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I'm looking to maintain a home server of media (videos,music,etc.) with some RAID(fallback or redundancy) support that I can update relatively easy over the years.

My high level plan is to buy 1U or 2U racks every year or so that have a lot of harddrive bays, and somehow link these logically (meaning I can treat all the space as one large disk I can connect to).

Is this possible? If so what kind of technologies do I need to use to link the separate computers in such a manner (and as efficient/fast as possible). If not, what other recommendations do you have for building a scaling home server (meaning I can add a few dozen TBs every 2-3 years).


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migrated from Jan 20 '12 at 7:27

This question came from our site for system and network administrators.

Rackmount equipment is typically intended to live in a data center, placing a higher priority on cooling than noise. They may not be well-suited for a home server unless you have a suitable location away from where you'll be watching and listening to your media. – Cakemox Mar 2 '11 at 17:59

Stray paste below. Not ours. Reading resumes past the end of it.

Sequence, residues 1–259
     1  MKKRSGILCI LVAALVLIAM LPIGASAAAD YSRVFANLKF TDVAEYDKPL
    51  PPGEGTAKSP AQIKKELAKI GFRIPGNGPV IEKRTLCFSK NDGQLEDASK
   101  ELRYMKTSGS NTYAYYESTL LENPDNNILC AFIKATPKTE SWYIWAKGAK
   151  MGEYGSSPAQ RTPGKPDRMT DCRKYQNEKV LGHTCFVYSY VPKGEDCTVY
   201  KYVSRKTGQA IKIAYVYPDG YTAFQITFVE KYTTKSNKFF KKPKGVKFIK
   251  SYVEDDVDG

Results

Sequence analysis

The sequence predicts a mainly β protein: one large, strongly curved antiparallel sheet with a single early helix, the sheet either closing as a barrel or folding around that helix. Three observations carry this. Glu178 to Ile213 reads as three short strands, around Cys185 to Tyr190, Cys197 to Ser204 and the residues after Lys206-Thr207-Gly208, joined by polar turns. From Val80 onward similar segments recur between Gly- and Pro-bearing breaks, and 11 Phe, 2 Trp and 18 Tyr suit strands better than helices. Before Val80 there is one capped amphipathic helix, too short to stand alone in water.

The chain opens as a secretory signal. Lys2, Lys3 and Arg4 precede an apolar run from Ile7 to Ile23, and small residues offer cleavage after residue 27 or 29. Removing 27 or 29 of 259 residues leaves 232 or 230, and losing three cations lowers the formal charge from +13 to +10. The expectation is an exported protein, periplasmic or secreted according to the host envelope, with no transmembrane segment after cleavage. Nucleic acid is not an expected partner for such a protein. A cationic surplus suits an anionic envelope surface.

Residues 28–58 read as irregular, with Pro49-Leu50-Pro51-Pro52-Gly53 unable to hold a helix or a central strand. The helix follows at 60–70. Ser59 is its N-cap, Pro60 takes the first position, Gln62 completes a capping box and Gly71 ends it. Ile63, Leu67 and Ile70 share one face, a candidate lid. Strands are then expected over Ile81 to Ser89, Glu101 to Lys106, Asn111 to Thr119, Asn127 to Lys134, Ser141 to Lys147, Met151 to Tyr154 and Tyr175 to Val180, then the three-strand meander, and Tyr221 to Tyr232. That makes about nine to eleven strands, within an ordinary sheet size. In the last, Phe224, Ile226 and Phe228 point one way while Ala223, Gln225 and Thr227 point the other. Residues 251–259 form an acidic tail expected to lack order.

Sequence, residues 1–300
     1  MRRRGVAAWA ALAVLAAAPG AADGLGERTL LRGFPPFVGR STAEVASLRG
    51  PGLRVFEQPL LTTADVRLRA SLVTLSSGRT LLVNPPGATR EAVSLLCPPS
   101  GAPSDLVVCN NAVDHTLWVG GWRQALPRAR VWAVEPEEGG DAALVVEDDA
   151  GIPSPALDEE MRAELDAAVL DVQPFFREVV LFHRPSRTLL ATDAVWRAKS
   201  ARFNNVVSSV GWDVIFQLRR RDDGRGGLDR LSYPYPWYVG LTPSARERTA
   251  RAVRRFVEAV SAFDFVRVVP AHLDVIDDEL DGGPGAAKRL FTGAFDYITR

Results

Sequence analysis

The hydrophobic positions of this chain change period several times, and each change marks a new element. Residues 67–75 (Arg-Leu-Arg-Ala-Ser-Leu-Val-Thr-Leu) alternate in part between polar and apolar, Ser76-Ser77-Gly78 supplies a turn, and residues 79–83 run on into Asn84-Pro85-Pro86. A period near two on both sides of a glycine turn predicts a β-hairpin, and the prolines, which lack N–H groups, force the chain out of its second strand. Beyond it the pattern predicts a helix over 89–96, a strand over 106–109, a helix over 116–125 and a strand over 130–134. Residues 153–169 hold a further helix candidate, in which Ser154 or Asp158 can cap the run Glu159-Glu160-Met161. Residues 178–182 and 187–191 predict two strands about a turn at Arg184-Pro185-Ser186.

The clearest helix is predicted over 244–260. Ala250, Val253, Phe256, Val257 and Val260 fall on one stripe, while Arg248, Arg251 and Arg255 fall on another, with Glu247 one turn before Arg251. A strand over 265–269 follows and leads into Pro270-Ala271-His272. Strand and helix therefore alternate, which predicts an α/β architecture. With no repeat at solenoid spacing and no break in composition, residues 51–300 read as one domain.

No worries on that, I have a home where this will be nestled in the basement! :) – Joey Mar 2 '11 at 19:26
up vote 1 down vote accepted

How about something like Gluster?

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Exactly the sort of solution/direction I was looking for thanks! – Joey Mar 2 '11 at 19:26

Consider using a distributed filesystem.

You'll end up with a slower filesystem (been reading about getting as low as 30% vs the real thing) but will be able to manage "virtual" drives as needed (have a look at the slides on

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